As we have seen, from today's perspective, the terraforming of Venus is an almost impracticable project that might take thousands of years to complete. What about the third planet next to Venus and Earth, which is still in the habitable zone, Mars?
If we wanted to walk around on Mars today, it would not be possible without a protective space suit. However, the prevailing conditions here are still to be regarded as paradisiacal if you compare them with the murderous conditions on the highly inhospitable Venus. The atmospheric pressure is not even 1% of the earth's value and the temperature at the poles can easily drop below -140 ° C in the Martian winter. The atmosphere, which consists mainly of carbon dioxide, then becomes even thinner because the gas now freezes out and precipitates as snow (Carbonated snow and the above Dry ice are both solid CO2). Although the temperature at the equator can rise to +15 ° C during the day, even up to 20 ° C, at night it can then drop to -70 ° C. To make a stay there a little more pleasant, we would first have to do the following:
- The temperature must be increased by around 60 ° C
- The mass of the atmosphere must be increased so that it meets human requirements
- Liquid water must be available
- The UV radiation of the sun as well as the cosmic radiation must be reduced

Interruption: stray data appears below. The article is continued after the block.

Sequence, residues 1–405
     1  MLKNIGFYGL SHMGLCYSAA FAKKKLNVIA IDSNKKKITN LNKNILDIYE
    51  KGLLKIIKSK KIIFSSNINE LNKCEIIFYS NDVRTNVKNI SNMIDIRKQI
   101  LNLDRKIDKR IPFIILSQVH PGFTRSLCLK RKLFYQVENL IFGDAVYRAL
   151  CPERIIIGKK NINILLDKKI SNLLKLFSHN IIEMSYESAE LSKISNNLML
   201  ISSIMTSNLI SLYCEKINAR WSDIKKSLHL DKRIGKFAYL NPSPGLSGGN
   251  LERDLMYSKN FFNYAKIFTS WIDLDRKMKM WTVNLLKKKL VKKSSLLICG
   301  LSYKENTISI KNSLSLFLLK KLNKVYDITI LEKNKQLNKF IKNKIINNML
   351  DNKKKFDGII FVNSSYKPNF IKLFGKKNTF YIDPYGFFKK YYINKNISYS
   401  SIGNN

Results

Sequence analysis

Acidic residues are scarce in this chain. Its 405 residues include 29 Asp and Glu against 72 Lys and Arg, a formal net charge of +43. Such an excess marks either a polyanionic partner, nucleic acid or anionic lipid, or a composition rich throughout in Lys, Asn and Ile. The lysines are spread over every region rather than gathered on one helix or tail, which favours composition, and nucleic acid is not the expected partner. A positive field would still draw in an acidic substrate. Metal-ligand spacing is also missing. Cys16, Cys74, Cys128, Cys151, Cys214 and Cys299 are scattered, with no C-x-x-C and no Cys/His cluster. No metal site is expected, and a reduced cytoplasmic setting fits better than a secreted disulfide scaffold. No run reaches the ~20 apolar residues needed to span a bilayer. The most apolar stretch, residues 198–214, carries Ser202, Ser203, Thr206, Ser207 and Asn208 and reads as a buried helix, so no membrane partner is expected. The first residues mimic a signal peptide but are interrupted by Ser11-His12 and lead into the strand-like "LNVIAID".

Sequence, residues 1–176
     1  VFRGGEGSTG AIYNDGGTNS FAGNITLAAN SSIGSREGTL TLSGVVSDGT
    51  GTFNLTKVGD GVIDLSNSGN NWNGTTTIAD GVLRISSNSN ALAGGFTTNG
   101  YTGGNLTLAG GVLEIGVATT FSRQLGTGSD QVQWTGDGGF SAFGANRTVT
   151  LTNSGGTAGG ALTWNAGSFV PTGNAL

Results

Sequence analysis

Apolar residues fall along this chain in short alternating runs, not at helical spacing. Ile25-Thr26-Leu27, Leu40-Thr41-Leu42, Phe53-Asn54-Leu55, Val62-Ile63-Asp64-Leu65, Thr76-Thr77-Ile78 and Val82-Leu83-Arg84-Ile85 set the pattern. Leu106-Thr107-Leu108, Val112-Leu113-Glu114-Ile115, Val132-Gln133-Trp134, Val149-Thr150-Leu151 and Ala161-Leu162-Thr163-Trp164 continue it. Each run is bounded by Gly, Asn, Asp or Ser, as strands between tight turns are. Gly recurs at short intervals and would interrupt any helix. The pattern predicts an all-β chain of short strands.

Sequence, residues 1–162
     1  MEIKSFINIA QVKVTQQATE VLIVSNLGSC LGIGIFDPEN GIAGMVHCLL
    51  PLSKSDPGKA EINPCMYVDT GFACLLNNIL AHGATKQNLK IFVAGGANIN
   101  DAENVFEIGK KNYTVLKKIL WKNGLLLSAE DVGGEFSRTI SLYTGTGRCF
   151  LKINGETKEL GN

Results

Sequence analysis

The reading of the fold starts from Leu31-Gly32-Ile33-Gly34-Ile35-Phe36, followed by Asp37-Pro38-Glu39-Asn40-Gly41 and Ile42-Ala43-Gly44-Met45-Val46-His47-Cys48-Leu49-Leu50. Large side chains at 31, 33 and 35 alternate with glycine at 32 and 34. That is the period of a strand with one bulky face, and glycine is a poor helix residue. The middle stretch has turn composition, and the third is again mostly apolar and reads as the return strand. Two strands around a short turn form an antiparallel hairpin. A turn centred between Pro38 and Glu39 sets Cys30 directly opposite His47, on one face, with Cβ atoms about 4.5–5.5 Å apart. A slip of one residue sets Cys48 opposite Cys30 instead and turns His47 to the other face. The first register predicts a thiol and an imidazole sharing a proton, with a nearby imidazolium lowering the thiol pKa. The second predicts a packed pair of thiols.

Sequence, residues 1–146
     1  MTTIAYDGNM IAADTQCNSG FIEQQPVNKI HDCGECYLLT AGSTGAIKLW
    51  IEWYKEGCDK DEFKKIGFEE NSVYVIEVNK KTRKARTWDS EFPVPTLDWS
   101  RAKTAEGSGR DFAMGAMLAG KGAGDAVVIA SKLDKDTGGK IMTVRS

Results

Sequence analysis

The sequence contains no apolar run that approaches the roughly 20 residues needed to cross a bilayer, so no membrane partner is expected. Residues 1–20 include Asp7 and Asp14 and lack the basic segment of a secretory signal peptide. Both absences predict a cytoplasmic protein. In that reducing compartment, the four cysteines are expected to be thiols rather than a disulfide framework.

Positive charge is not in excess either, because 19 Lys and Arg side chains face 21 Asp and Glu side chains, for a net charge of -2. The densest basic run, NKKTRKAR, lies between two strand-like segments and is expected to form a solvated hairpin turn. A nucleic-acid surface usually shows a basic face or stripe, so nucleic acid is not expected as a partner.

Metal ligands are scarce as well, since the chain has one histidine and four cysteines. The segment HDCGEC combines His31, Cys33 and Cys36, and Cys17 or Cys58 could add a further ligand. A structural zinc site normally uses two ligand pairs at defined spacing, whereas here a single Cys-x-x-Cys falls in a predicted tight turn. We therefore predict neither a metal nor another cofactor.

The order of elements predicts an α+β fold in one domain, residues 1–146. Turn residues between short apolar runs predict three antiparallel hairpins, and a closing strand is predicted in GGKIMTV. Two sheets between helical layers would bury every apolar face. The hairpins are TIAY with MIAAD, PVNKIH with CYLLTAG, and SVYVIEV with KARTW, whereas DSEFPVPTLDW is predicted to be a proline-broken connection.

- Oxygen and nitrogen must make the atmosphere breathable
Mars after terraforming
These conditions must meet the needs of humans as well as those of plants and animals. Ultimately, it must also be possible to produce food there. In addition, a sufficient atmosphere also promotes mobility through aviation.
The initial spark of terraforming could be achieved through various techniques:
- The simplest way would be to sprinkle the (snow-covered) poles with soot or other similar substances (Sagan, 1973). These would absorb light and heat from the sun, which would ultimately lead to the defrosting of the polar ice caps. A gentle increase in temperature would be sufficient here. CO2 and water vapor would thus enrich the atmosphere. Both, especially water vapor (four times more effective than CO2) are greenhouse gases that cause further warming.
- There have also been plans to breed microbes with the darkest possible cell wall. These could possibly be a better substitute for the soot (consider the large areas that would have to be sprinkled with soot) if they could be made to multiply like crazy under the given conditions. But what should they feed on ???
- One could also tap into heat from the sun. This could be technically realized by installing large mirrors in a stationary orbit (Zubrin, McKay, 1993). However, such mirrors would have to be truly gigantic, 125 [km] in diameter would be absolutely necessary. Although the construction could be carried out extremely easily due to the lack of gravity, it would require 200,000 tons of aluminum. Such a mirror could be stationed at a distance of 214,000 [km], which would then irradiate the South Pole with 27 terawatts. This would raise the temperature by about 5 [K], which should be enough to defrost the polar ice caps. However, this method would be a demanding, complex technical challenge. The aluminum required could be made available worldwide in just 5 days. A much lighter design with modern nano-carbon tubes is also conceivable. After about 100 years, a first atmosphere could have formed in this way, the CO2 now the greenhouse effect takes over the further warming.